Houston is a Wake-up Call for Santa Monica
August 30, 2017 4:45 PM
by Rick Cole
This week, all eyes are on Houston, as they should be. Time to provide aid and prayers to all those in distress.
As we look ahead, however, there is a lesson we can’t ignore in this disaster. Some calamities are truly unforeseen like airliners deliberately flown into highrises. But even if the magnitude is truly staggering, no one should be surprised when Houston is hit by a hurricane. Or Southern California by an earthquake.
That is why our City has embraced the idea of “resilience.” Because it is not only the disaster we have to prepare for – it’s the recovery.
“Resilience” was born out of the trauma of Katrina. Not only was New Orleans vulnerable to the failure of the very systems designed to protect it – too little thought or preparation had been devoted to how to provide a social “cushion” of security when disaster struck. It was inevitable that the most vulnerable (people and neighborhoods) suffered the most – and the longest.
Just like in an individual who suffers trauma, resilience for a city draws on the reserves of character and experience to allow the community to endure and recover from disaster. Resilience is not a product of luck or fate – it derives from learning from life’s adversities to cope with life’s calamities. Active preparation and discipline are the best defense against future shock.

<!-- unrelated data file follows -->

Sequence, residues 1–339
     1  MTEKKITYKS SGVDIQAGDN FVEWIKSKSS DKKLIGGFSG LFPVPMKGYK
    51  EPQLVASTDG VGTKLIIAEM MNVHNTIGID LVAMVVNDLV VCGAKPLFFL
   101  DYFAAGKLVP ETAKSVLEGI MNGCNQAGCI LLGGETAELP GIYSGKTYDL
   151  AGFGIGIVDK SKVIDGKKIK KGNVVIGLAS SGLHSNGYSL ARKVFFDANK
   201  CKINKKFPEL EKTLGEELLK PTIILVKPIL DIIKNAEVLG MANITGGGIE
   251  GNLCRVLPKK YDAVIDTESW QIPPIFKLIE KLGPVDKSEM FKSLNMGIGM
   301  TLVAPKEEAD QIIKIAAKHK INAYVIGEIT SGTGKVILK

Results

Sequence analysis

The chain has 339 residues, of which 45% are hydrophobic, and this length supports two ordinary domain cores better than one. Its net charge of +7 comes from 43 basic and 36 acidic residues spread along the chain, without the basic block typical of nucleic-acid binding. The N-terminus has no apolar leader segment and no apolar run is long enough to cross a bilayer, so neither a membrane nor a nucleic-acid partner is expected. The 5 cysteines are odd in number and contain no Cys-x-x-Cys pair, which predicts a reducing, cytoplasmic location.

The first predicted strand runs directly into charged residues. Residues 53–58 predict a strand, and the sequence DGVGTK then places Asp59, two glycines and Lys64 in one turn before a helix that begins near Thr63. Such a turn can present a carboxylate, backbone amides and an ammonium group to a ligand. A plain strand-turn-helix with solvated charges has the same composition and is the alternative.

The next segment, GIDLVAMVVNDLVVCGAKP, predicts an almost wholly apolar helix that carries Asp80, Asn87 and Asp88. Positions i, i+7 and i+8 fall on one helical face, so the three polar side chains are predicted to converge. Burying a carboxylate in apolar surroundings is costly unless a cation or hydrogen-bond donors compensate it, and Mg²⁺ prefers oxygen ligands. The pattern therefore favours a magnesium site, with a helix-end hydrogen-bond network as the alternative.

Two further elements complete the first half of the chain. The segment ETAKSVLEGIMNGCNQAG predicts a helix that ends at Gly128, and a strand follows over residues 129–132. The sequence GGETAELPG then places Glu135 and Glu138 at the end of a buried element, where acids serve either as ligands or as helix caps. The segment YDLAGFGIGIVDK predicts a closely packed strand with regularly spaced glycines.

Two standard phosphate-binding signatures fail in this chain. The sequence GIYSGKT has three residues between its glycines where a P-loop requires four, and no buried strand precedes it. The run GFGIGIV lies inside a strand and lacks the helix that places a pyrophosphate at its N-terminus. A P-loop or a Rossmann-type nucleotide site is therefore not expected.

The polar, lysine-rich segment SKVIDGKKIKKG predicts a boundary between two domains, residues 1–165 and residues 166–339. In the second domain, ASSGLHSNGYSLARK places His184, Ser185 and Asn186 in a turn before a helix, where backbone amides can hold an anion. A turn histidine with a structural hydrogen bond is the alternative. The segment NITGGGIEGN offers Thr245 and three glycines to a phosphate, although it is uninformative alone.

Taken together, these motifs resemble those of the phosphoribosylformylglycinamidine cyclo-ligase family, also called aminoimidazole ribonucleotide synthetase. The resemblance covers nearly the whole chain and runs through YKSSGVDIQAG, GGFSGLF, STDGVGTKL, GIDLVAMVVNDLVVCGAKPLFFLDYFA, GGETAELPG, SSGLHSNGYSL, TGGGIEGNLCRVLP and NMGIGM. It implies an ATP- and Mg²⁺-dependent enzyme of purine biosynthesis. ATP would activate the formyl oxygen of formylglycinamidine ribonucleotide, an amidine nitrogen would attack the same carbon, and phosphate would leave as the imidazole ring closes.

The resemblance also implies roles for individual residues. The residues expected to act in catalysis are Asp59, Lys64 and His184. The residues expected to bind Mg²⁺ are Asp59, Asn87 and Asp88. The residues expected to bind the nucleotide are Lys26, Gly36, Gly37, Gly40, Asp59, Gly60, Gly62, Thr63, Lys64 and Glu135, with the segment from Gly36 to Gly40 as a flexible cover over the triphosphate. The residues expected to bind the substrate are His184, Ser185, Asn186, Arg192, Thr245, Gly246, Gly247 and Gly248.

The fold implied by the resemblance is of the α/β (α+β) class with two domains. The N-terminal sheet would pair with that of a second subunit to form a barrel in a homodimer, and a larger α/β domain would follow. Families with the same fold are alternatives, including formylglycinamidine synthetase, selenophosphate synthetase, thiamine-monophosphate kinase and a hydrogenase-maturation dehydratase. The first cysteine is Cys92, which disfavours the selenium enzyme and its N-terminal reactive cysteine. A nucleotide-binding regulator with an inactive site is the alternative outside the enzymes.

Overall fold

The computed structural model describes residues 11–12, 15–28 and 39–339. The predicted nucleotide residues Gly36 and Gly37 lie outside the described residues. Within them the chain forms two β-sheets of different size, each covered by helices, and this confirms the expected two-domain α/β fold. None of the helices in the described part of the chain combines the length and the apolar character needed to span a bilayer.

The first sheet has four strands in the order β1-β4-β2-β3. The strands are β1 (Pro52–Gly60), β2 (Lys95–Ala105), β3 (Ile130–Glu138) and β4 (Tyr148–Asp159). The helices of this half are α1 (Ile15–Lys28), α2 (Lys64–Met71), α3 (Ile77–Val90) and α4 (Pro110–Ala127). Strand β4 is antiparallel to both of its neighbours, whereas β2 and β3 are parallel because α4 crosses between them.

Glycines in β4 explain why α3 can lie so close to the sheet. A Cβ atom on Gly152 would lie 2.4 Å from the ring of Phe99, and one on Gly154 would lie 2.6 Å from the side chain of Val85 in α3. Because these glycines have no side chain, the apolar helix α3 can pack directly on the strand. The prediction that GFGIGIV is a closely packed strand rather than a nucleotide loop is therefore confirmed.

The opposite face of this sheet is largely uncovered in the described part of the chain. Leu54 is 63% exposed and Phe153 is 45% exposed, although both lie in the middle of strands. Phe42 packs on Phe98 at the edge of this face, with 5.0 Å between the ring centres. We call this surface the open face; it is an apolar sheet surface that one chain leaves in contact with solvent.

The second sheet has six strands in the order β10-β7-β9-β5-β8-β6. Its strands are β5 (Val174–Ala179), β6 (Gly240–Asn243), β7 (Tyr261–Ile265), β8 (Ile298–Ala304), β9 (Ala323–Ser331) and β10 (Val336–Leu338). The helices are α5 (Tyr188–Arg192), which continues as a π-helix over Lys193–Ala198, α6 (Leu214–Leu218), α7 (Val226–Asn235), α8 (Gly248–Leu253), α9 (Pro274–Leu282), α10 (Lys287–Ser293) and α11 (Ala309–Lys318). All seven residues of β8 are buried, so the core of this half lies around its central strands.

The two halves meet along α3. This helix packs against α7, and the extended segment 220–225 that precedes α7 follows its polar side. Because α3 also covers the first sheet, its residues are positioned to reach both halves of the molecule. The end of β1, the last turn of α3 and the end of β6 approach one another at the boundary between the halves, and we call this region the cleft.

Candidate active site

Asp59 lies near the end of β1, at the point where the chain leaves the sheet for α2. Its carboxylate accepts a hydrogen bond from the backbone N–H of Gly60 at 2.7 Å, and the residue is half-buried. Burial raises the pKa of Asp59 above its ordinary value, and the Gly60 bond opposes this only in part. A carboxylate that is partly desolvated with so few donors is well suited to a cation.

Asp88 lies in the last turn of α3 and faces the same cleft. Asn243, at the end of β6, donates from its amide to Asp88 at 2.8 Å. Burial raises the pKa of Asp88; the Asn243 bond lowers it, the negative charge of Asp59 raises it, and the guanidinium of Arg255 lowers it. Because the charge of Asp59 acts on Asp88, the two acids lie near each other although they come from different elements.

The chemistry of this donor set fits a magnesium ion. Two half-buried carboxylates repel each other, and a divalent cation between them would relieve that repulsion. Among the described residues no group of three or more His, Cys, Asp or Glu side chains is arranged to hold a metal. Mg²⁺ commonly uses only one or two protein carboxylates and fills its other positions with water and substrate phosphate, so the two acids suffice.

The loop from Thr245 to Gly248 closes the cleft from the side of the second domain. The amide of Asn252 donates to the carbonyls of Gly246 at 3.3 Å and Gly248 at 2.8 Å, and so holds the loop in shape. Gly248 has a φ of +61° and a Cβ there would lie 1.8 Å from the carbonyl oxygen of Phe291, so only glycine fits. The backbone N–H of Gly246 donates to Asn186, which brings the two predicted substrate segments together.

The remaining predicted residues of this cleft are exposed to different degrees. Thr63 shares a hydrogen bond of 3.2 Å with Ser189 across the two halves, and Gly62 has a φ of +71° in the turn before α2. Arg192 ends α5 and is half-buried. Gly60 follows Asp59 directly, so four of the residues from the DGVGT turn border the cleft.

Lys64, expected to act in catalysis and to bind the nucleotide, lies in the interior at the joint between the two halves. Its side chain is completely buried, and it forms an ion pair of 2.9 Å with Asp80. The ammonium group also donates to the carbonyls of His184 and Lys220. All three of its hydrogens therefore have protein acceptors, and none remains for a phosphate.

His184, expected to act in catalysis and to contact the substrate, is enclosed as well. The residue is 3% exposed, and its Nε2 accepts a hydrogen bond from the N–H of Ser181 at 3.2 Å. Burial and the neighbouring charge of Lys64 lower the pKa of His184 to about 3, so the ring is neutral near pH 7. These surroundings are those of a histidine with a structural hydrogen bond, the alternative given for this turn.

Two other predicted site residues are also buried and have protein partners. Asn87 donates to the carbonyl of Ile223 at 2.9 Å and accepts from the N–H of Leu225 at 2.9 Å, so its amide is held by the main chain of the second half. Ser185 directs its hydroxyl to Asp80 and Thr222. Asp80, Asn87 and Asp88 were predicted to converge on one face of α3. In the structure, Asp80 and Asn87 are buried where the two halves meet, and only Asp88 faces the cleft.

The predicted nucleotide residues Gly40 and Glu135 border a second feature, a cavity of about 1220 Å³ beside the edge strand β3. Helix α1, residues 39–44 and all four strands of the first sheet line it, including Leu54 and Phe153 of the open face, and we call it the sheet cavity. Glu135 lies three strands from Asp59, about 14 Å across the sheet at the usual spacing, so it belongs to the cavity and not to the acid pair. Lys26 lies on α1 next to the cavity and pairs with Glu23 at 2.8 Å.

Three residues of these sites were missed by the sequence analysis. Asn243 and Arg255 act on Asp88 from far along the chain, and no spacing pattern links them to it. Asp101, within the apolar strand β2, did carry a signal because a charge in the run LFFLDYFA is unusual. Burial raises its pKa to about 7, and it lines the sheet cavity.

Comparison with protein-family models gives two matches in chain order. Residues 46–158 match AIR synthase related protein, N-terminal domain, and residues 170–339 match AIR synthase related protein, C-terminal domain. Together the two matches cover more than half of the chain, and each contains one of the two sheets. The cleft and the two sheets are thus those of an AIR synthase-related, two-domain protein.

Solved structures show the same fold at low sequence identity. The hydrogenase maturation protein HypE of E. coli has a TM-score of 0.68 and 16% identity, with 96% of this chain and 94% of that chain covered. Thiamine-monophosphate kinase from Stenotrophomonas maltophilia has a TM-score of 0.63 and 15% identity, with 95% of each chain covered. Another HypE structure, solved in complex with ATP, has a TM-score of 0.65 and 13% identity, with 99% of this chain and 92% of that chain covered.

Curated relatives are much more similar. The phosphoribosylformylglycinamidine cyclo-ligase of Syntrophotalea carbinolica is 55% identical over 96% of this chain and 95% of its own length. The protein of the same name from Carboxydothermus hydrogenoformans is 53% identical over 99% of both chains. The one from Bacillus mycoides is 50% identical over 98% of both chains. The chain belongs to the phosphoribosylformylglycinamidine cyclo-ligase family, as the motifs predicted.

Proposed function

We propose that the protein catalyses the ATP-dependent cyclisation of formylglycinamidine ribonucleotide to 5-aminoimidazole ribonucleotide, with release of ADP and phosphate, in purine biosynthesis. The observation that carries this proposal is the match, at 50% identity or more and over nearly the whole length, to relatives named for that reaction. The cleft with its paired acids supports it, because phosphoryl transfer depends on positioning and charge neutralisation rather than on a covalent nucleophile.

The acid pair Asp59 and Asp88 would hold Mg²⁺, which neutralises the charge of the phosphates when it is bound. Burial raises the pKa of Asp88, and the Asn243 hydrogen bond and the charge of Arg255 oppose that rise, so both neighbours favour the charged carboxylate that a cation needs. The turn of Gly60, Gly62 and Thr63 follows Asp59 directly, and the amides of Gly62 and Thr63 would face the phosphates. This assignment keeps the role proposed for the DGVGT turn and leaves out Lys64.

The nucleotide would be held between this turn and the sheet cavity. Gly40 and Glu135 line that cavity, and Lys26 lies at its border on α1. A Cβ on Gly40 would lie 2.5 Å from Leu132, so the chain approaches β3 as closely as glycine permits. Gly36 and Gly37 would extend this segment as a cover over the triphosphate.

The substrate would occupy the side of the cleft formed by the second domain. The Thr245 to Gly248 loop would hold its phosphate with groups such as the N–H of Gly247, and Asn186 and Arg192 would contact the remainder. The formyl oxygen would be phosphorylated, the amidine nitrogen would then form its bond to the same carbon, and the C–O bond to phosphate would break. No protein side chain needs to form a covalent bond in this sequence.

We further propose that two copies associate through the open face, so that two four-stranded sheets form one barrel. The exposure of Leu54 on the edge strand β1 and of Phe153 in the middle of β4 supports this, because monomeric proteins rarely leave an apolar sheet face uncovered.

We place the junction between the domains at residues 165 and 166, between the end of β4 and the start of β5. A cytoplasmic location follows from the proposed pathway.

We don’t have the luxury of pretending we don’t know any better. Not after Katrina, Sandy, Fukushima and Harvey. Emergencies happen. If you are unprepared – individually or as a community – you can’t say you weren’t paying attention. We know better.
Lindsay Barker is our Chief Resilience Officer leading a team that performs two vital functions. Our Emergency Services & Preparedness is responsible for disaster planning, training and proactive community-based preparedness programs. Emergency Services & Preparedness also oversees the operation of the City's Emergency Operation Center which provides a central command center that’s activated for both major planned events like the LA Marathon and major incidents that involve multiple departments and partners.
Public Safety Communications provides joint dispatch services to the Police and Fire Departments. Last year they handled 72,167 9-1-1 calls and 261,271 and non-emergency telephone calls. Every hour of every day, our dispatchers are fielding calls, juggling public safety resources, sorting vital information out of often chaotic situations and often providing a calm and comforting voice amid trauma.
Beyond those core responsibilities, though, Lindsay and her team spearhead a longer-range strategic effort, intimately connected to both wellbeing and sustainability. That’s creating that “cushion” of security that comes from work done collaboratively long before dire emergencies. The connections, redundancies, systems and partnerships that will hold a community together, whether the stress is acute or chronic. You see where those factors are holding together in Houston, where they are fraying and where they have broken under the strain of Harvey’s pummeling. Our job in Santa Monica is to create a culture and structure of resilience that can hold together when our turn comes again.
"Hurricane Harvey is a heartbreaking reminder that disasters can happen at any time and how critical community connections are before, during, and after an emergency," Lindsay tells us. "A similar catastrophic event could be seen in Santa Monica during an earthquake. It is critical to have a workforce that is ready and resilient in order to help the most vulnerable during trying times."
Check out the resources offered by our Office of Emergency Management– and how you can prepare for emergencies and disasters. You can also sign up for emergency alerts via text or email here at SM Alerts.